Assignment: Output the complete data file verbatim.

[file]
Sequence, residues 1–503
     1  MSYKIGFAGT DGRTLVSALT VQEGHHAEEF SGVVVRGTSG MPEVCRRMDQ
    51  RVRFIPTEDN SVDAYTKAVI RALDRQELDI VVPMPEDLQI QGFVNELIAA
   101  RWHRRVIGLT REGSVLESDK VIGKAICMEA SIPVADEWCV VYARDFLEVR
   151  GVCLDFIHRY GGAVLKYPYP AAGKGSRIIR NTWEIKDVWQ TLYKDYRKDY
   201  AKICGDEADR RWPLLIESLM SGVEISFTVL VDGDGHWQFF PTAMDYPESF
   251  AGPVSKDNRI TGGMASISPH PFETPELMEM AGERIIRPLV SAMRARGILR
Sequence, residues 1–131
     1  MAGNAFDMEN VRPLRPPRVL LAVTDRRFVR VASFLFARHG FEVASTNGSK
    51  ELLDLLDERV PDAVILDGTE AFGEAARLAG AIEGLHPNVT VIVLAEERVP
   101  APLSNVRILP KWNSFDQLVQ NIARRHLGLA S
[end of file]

Sequence, residues 1–503
     1  MSYKIGFAGT DGRTLVSALT VQEGHHAEEF SGVVVRGTSG MPEVCRRMDQ
    51  RVRFIPTEDN SVDAYTKAVI RALDRQELDI VVPMPEDLQI QGFVNELIAA
   101  RWHRRVIGLT REGSVLESDK VIGKAICMEA SIPVADEWCV VYARDFLEVR
   151  GVCLDFIHRY GGAVLKYPYP AAGKGSRIIR NTWEIKDVWQ TLYKDYRKDY
   201  AKICGDEADR RWPLLIESLM SGVEISFTVL VDGDGHWQFF PTAMDYPESF
   251  AGPVSKDNRI TGGMASISPH PFETPELMEM AGERIIRPLV SAMRARGILR
Sequence, residues 1–131
     1  MAGNAFDMEN VRPLRPPRVL LAVTDRRFVR VASFLFARHG FEVASTNGSK
    51  ELLDLLDERV PDAVILDGTE AFGEAARLAG AIEGLHPNVT VIVLAEERVP
   101  APLSNVRILP KWNSFDQLVQ NIARRHLGLA S